A picture may say a thousand words, but it doesn’t always tell the full story.
That is the idea behind multimedia artist, Clive Holden’s Unamerican Unfamous project at Ryerson University’s Image Centre. Unveiled January 23, 2013, Unfamous is the first of many to be showcased at the newly opened Human Rights, Human Wrongs art exhibit, which houses over 300 prints of pivotal moments during the 20th century from New York’s Black Star photo agency. Plucking random people from photos in the Black Star collection, Holden casts a light on the importance of these unsung heroes throughout history.
“In most of the [Black Star] collection we primarily see images of events in American culture, so I wondered about who the rest of the people in those pictures were and found something intriguing about that hidden story,” Holden said, in a telephone interview.
Holden, who is also a filmmaker and poet, is no stranger to exploring the human spirit, with a number of projects including short film 18,000 dead in Gordon Head which documents the senseless murder of a young girl in his hometown and the growing level of violent imagery on TV. Always interested in the relationship between people and media, Holden continues this trend with Unamerican Unfamous.
Using a digital canvas made up of TV panels, the screens bring together a collage of images that move from a random bystander during Martin Luther King Jr.’s “I have a dream” speech to someone’s grandmother sweeping the sidewalk. According to Holden, the project looks at whether we use digital media to focus on human issues or instead ignore the world around us to become “Internet famous.”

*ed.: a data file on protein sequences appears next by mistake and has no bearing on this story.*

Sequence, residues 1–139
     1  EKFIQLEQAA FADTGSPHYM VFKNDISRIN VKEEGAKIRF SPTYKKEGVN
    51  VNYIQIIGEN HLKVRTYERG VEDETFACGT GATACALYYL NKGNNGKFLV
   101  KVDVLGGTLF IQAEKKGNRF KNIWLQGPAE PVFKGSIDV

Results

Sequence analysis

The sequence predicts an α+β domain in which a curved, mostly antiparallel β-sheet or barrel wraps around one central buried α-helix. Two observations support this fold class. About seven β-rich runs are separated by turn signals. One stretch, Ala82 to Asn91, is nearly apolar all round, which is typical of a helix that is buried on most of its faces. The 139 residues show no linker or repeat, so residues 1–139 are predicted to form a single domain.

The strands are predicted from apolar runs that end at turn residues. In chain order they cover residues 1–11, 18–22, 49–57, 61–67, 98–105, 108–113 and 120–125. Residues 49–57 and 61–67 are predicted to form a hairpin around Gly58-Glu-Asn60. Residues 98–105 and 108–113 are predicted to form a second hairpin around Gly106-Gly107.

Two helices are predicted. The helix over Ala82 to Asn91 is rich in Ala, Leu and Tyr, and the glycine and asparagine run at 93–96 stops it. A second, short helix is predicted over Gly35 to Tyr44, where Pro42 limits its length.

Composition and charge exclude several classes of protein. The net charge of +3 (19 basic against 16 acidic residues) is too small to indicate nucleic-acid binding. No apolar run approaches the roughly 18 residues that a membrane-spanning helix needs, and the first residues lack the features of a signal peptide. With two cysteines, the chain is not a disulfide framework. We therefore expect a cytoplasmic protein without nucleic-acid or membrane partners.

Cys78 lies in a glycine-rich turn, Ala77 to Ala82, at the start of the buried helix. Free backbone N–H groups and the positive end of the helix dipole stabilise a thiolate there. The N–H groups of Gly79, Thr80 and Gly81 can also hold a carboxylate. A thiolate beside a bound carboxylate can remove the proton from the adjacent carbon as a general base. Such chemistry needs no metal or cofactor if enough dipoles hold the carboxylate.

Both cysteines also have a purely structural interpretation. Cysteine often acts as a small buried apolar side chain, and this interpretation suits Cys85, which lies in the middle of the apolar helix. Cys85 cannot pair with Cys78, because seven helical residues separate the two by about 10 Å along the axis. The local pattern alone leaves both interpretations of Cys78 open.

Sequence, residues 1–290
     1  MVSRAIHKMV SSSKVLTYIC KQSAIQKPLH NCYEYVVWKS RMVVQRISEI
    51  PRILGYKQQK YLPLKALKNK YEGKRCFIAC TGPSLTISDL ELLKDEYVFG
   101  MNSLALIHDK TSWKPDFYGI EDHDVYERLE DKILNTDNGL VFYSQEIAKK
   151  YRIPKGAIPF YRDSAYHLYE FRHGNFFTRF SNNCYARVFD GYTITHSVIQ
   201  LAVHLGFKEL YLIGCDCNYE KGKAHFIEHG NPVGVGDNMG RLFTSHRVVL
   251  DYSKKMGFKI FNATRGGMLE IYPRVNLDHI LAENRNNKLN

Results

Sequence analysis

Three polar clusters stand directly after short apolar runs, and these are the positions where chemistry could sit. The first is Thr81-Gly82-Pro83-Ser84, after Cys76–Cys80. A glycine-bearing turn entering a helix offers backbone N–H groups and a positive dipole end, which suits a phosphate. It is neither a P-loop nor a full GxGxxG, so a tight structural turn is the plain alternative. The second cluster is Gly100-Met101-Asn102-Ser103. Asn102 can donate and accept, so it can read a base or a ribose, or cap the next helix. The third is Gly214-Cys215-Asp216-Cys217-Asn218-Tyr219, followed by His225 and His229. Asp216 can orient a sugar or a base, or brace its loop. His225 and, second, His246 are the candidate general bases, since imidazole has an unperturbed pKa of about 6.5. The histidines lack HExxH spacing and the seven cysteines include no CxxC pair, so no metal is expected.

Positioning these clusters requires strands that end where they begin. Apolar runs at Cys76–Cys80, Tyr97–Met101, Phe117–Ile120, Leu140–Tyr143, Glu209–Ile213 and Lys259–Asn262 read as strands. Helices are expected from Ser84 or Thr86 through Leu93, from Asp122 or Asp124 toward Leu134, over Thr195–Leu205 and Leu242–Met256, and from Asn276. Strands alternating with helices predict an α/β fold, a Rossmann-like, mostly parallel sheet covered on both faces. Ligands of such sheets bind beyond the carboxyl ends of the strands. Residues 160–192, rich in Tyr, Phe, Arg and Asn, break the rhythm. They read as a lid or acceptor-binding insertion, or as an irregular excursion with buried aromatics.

“I think, in a way, we have been influenced by the success of American culture and the tools of the Internet and celebrity like Twitter to feel a sense of control, which has stunted our progress as a community,” Holden said.
Holden adds that it’s this same successful exportation of America’s love of celebrities that inspired him to ask gallery goers to, instead, contribute images of people they feel are heroes in their own right. While there isn’t a strict criterion for his “Unfamous” series, Holden wants photos of people who have persevered through struggle and have little to no digital or media presence.
For example, he uses the picture of a woman named Melida Jimenez, a Guatemalan human rights activist who moved to Canada to become a valued guidance counsellor in Toronto’s Hispanic community. Holden hopes stories like Jimenez will encourage audience members to share their own personal stories of relatives and friends helping in the community.
Amongst the gallery’s many visitors both young and old, Ryerson student Alex Farinha thinks Holden’s work is an interesting way to show respect for community leaders.
“I’m not exactly sure who I have in mind to nominate, but there is something special about giving people a way to share the overlooked stories of these people who most, I would assume, aren’t important,” Farinha said.
After narrowing nominations down to 10 pictures from Canada and around the world, Holden will unveil the revised project next year. The Unamerican Unfamous exhibit will continue to run at the Ryerson Image Centre until April.